As a result, the initial drop in income inequality which occurred after the crisis is being quickly reversed. As the IFS again has argued, Conservative reforms to welfare and tax credit entitlements are projected to increase income inequality in the years ahead, with the gini co-efficient projected to approach its pre-crisis level once again by 2016. Austerity has therefore been underpinned by a significant time-lag effect, with many of its most iniquitous consequences projected to take full effect during the next parliament.
What does this mean for our analysis of inequality and distributional politics in Britain today?
Firstly, the reduction in income inequality after the crisis should be seen as a temporary blip in an otherwise consistent historical trajectory. The sad fact is that, since the 1980s, no political party has reversed rising income inequality in Britain. Rather than breaking with this trend in the post-crisis period, the distributional politics associated with austerity have intensified it.
Secondly, when it comes to inequality, politics matters. Some analyses – such as Thomas Piketty’s recent contribution – can give the impression that economic ‘laws’, such as the rate of return on capital outstripping the rate of growth, lead inexorably to certain distributional outcomes.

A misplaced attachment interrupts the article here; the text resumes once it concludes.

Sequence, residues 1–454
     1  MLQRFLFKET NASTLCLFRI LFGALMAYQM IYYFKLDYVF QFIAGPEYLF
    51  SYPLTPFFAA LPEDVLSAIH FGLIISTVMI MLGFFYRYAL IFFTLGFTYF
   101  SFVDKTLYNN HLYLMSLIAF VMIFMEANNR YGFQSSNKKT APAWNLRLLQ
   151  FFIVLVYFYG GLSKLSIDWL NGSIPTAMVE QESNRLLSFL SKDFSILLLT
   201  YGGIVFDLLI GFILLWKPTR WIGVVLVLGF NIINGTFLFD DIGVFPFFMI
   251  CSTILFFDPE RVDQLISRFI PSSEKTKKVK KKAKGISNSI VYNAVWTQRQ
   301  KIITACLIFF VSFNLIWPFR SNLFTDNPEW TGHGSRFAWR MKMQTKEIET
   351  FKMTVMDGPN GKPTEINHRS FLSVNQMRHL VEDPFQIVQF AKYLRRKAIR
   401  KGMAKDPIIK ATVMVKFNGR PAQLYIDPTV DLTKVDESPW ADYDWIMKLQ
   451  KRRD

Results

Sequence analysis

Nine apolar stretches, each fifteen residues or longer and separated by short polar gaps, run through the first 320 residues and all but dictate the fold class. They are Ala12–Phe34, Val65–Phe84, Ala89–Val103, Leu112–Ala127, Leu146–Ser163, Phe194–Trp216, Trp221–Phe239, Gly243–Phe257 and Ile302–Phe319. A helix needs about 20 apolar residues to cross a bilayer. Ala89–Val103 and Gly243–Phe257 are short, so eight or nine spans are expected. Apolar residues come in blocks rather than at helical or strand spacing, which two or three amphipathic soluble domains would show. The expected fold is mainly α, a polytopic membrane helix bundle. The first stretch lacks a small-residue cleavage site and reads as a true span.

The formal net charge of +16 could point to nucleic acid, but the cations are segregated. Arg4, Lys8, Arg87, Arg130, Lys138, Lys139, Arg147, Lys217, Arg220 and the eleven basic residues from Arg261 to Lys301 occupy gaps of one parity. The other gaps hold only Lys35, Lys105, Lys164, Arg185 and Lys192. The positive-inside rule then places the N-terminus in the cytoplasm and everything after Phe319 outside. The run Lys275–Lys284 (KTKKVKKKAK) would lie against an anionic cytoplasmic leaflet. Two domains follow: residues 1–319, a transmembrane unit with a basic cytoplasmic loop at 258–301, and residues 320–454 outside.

However, the post-crisis period in Britain reminds us that strategic political interventions remain crucial in determining which groups in society bear the brunt of economic restructuring. Since 2010, low pay work has proliferated. As a result, rising employment has not generated sufficient tax receipts, which has further compounded the budget deficit.
However, instead of tackling the development of low pay work – through implementing a living wage or through stimulating manufacturing investment, for example – the Coalition government has focused exclusively on rapidly cutting public expenditure. In this way, real wage decline has helped to initiate a classic ‘race-to-the-bottom’, with falling real earnings used to justify swingeing welfare retrenchment.